• Due to the complexity of signal measurement and generation process, the output training data set OTD is often not exactly known. For at least some of the physical and/or technical processes that cause imaging artifacts in medical images, preferably CT images, there exist specific measurement or acquisition setups to suppress the impact of those processes on the acquired measurement raw data and thus the medical images. With such a measurement setup, data can be acquired leading to an artifact-free output training data set OTD versus using a standard setup leading to artifact-afflicted medical image data set according to an input training data set ITD.
  • For example, to generate an output training data set OTD which is free of signal portions due to scattered radiation by measuring image data, the size of the field of view (FOV) of a computed tomography system may be reduced, e.g. by collimating the x-ray beam before the beam enters the probe or the patient. The thus measured data are assumed to be scatter-free. Alternatively, (cross-)scatter portions may be directly measured using a computed tomography dual-source-dual-detector arrangement or a beam blocking method, for example, as described in T. Niu, L. Zhu: Scatter correction for full-fan volumetric CT using a stationary beam blocker in a single full scan, Med. Phys. 38, pp 6027, (2011).
  • The thus generated output training data OTD may be used as scatter-free 'ground-truth' values, serving to train a function tailored for automatic scatter correction.
  • However, not all imaging artifacts may be addressed with a corresponding measurement setup. Accordingly, an output training data set OTD may alternatively or in addition be simulated. With other words, the output training data set OTD may be synthetically generated or better said calculated. A synthetized output training data set OTD thus corresponds to an estimation for an artifact-free ground truth data set'. Preferably, an artifact-afflicted medical input data set MII, which may likewise serve as input training data set ITD, serves as a starting point for simulating the corresponding output training data set OTD. the simulation process may preferably apply at least one rule or prior knowledge, e.g. a mathematical model which is characteristic or typical for at least one imaging artifact.
  • Simulation of the output training data set OTD may be conducted in projection/raw data space or in image space. The simulation may comprise simulation of medical image data sets or imaging artifact data sets.
  • Generally, two alternative scenarios may be considered for simulation artifact-free medical image data sets for use as output training data sets OTD.
  • 1. Measured input training data - simulated output training data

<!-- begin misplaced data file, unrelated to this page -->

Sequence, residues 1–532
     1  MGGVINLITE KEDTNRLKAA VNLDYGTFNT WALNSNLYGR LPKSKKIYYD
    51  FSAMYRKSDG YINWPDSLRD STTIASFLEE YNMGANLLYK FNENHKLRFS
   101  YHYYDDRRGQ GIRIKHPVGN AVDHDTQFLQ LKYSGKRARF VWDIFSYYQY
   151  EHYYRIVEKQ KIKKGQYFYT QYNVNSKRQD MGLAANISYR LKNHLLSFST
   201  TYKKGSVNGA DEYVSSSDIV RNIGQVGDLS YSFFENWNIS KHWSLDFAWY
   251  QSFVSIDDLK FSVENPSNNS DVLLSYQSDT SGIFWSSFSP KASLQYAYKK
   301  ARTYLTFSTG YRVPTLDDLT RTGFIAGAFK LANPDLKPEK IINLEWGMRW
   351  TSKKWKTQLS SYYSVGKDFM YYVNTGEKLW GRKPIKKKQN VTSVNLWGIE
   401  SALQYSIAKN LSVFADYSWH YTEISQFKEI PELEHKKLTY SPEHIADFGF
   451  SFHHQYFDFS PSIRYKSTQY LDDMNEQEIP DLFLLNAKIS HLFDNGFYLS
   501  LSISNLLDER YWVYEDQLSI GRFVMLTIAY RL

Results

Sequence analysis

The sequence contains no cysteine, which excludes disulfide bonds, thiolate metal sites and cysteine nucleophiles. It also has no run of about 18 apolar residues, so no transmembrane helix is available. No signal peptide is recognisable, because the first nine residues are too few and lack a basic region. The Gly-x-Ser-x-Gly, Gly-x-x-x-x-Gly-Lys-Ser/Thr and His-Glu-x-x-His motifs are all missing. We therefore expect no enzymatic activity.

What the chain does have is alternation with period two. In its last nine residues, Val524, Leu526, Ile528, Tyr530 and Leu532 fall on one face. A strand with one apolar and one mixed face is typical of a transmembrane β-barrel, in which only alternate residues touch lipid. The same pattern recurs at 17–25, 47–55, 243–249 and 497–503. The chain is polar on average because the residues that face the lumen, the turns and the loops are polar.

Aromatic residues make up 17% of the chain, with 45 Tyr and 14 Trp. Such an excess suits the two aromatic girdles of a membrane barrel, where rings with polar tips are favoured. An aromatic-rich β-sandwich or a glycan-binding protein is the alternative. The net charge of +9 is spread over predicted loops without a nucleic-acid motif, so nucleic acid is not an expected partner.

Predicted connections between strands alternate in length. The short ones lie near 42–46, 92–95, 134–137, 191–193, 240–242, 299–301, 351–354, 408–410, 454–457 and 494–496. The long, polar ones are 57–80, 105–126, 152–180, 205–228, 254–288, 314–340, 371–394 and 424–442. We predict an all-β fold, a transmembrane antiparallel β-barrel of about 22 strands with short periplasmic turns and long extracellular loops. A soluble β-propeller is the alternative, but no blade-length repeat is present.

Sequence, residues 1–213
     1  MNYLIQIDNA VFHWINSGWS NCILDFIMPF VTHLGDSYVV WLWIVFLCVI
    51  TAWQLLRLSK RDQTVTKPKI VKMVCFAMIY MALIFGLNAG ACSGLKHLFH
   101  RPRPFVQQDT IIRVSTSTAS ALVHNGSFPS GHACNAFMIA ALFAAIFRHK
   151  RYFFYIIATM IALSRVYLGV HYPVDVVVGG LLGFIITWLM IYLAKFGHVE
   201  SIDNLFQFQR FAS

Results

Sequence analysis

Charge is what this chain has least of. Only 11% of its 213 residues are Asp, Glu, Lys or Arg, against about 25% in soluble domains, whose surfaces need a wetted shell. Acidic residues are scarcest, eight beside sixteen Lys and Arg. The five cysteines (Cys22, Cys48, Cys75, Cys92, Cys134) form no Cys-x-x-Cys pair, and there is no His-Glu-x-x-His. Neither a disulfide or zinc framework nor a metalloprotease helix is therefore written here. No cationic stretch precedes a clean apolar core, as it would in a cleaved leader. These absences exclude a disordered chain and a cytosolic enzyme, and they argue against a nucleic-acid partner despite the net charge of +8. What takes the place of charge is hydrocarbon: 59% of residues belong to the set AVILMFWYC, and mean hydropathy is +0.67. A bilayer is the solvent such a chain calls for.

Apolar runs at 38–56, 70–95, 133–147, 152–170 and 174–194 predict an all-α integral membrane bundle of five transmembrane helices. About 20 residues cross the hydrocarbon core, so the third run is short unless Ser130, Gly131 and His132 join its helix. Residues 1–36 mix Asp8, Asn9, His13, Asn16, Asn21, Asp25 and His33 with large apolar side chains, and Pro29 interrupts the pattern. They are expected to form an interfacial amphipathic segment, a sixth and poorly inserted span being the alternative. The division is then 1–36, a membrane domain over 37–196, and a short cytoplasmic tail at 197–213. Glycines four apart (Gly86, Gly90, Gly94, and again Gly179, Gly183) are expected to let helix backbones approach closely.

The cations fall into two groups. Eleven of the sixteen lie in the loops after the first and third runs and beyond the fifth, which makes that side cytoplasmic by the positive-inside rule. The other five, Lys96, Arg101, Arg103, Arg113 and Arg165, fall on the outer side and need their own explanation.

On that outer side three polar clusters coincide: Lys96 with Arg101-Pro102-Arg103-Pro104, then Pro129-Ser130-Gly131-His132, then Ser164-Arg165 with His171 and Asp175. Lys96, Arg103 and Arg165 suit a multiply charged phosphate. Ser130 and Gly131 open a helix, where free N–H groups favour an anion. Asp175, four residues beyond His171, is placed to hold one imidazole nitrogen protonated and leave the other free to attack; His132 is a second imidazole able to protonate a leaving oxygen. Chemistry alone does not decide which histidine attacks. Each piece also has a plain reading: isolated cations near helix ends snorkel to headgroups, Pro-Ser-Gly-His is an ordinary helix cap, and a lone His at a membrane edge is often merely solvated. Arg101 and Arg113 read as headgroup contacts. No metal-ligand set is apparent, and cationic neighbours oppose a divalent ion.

• A simulation approach in projection space requires a mathematical model for corrected and artifact-free raw data. For example, a model for monochromatic line integrals through a scanned patient would be required. This model would be matched with measured raw data of an ideal phantom. In a preferred embodiment, the mathematical model has open parameters which can be adjusted in a way that the data resulting from the model, e.g. monochromatic projection values approach measured projection values. Assuming for example cylindrical water phantoms, the open model parameters for the line integrals could be:
    • diameter of the water cylinder,
    • position of the center of the water cylinder,
    • attenuation coefficient of water.
  • Accordingly, the training of the function could then comprise minimizing the difference between training mapping data generated by the trained function TF when fed with uncorrected, artifact-afflicted image measurement raw/projection data, here the input training data ITD, and the output training data OTD according to the mathematical model. Here, any suitable optimization algorithm, e.g. a gradient descent, can be used. This approach could be applied to uncorrected images, too, by transforming them to raw data space using a forward projection algorithm.
  • A simulation approach in image space comprises reconstruction of a first image based on measured and uncorrected CT raw data. To avoid severe artifacts in the reconstructed image a coarse data precorrection may be applied. Each pixel in the reconstructed image is assigned to a CT value that reflects the true - not the artifact-degraded - CT value of that pixel which would have been obtained assuming that the initial data used for the reconstruction would have been perfectly precorrected. In a preferred embodiment, water phantoms are used for training the function and the assignment of CT values to image pixels is done by a simple thresholding operation.
  • The thus generated artifact-free model of the scanned patient is forward projected using the geometric setup of the initial scan to simulate a virtual artifact-free ground truth for the measured CT raw data to generate the output training data set OTD.
  • 2. Simulation based input training data - simulation based output training data
  • Given that there is a simulation algorithm for all or some of the physical or technical processes which lead to artifacts in measured CT raw data or final reconstructed images, the training of the network could be done by a pure simulation based approach: Both the artifact-free output training data sets OTD and the artifact-afflicted input training data sets ITD with artifacts and errors are simulated.